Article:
Your Announcers and Open Thread For Night 22 of the 2010 Stanley Cup Playoffs

Boston vs. Philadelphia, Game 3 (BOS Leads 2-0), 7:00 PM ET

National TV (US): VERSUS (HD, will air on VERSUS in Boston and Philadelphia)
Play by Play: Joe Beninati
Color: Andy Brickley
Reporter: Bob Harwood

National TV (Canada): TSN (HD)
Play by Play: Gord Miller
Inside the Glass: Pierre McGuire

Chicago vs. Vancouver, Game 3 (Series Tied 1-1), 9:30 PM ET

National TV (Canada): CBC (HD)
Play by Play: Jim Hughson
Color: Craig Simpson
Reporter: Scott Oake

National TV (US): VERSUS (HD)
Play by Play: John Forslund
Color: Daryl Reaugh
Reporter: Billy Jaffe

Regional TV (Chicago): CSN Chicago (HD)
Play by Play: Pat Foley
Color: Eddie Olczyk
Reporter: Sarah Kustok

The Daily Line Shuffles to Post-Hockey Timeslot

With little fanfare and hardly an announcement, VERSUS’ nightly sports show, The Daily Line, has moved to post-hockey recently, airing whenever the Hockey Central gang is done for the night.  For example, tonight, the show will air at 12:30 AM, while tomorrow it will air at 10:30 PM, and so on.  However, next week, the show flips between it’s regular ol’ 6PM timeslot and 12:30 AM according to VERSUS’ schedule.

While one could be pessimistic after the show being messed around with this early into it’s existence, I view it as a positive, as a ton of people are going to be exposed to the show, based on the NHL’s recent ratings surge.  I asked co-host Jenn Sterger about it on Twitter and she told me the post-hockey move is “the plan” for the future for the show.  Should be interesting to see how the show develops into more of a wrap-up show than a preview series.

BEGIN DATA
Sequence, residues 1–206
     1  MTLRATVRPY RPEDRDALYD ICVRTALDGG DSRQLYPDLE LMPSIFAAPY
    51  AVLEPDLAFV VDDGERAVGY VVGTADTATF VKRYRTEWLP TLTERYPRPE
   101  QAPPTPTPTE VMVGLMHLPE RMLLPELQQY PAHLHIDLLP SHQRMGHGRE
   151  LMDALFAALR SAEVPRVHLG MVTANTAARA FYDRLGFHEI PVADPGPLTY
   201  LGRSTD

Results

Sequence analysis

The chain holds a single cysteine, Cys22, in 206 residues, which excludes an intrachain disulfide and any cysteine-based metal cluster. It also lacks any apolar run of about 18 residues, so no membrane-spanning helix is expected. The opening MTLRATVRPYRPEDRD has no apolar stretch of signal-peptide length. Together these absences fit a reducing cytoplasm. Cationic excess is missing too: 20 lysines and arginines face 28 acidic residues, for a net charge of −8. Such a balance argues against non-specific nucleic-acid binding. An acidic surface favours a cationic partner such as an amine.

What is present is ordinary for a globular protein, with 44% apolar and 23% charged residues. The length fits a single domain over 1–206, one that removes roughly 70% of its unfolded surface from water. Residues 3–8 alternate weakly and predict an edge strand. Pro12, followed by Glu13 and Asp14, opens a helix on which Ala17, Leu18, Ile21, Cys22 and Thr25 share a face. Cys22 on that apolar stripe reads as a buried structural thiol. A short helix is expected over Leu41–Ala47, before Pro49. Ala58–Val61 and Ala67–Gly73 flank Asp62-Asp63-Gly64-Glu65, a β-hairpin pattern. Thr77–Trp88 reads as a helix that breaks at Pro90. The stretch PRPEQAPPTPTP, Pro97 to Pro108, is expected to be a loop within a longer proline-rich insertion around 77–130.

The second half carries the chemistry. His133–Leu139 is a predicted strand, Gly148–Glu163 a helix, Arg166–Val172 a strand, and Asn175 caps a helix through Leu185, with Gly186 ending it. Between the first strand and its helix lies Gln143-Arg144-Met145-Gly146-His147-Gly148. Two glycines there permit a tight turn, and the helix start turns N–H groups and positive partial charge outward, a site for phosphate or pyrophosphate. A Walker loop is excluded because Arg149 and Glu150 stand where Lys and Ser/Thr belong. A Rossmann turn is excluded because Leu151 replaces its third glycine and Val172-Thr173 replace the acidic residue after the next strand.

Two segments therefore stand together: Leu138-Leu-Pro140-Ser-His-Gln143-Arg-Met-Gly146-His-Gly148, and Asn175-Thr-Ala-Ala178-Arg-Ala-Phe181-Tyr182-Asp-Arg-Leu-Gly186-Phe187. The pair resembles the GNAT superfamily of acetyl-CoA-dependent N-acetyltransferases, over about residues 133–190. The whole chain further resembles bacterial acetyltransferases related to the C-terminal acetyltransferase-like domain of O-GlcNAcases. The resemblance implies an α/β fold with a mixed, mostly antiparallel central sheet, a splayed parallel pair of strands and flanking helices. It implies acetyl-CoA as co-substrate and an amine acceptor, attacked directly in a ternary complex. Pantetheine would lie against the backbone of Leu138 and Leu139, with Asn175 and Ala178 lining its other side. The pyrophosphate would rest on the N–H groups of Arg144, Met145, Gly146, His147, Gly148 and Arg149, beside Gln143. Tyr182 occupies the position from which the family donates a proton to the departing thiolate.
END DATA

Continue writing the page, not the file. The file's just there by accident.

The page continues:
UPDATE: VERSUS just informed Puck the Media that the show is, indeed, moving to “a late-night timeslot”.  Appears permanent.

VERSUS Beats ESPN This Week in Key Demo

Thanks to Eric Hornick for sending these key breakdowns from Neislen Media Research:

Adults 18-49:
TNT: 1.73 million, USA: 1.15 million, TBS: 903,000, History: 772,000, FX: 682,000, Discovery: 626,000, ESPN: 609,000, A&E: 573,000, Comedy Central: 570,000, VS: 565,000

Adults 25-54:
TNT: 1.67 million, USA: 1.25 million, History: 848,000, TBS: 739,000, Discovery: 641,000, A&E: 621,000, FX: 620,000, VS: 589,000, ESPN: 587,000, Tru: 519,000

It’s good to see the network posting stronger demo numbers than ESPN.

More on Good VERSUS Numbers

From Anthony Crupi of Mediaweek:

Per Nielsen live-plus-same-day ratings data, Versus on May 2 served up its most-watched Conference Semis telecast since it became an NHL partner, as Game 2 of the San Jose Sharks-Detroit Red Wings series drew 1.77 million viewers.

The Sharks on Saturday beat the Central Division runners-up 4-3 to take a 2-0 lead in a best-of-seven series, in a game that delivered the biggest audience for a second-round contest since the Avalanche and Red Wings battled in front of 1.93 million ESPN viewers on May 1, 2000.

Also posting big numbers for Versus was the April 29 Sharks-Wings opener, which drew 1.45 million viewers.

The network’s first-round coverage averaged 595,000 viewers, making it the most-watched Conference Quarterfinals lineup since 2001.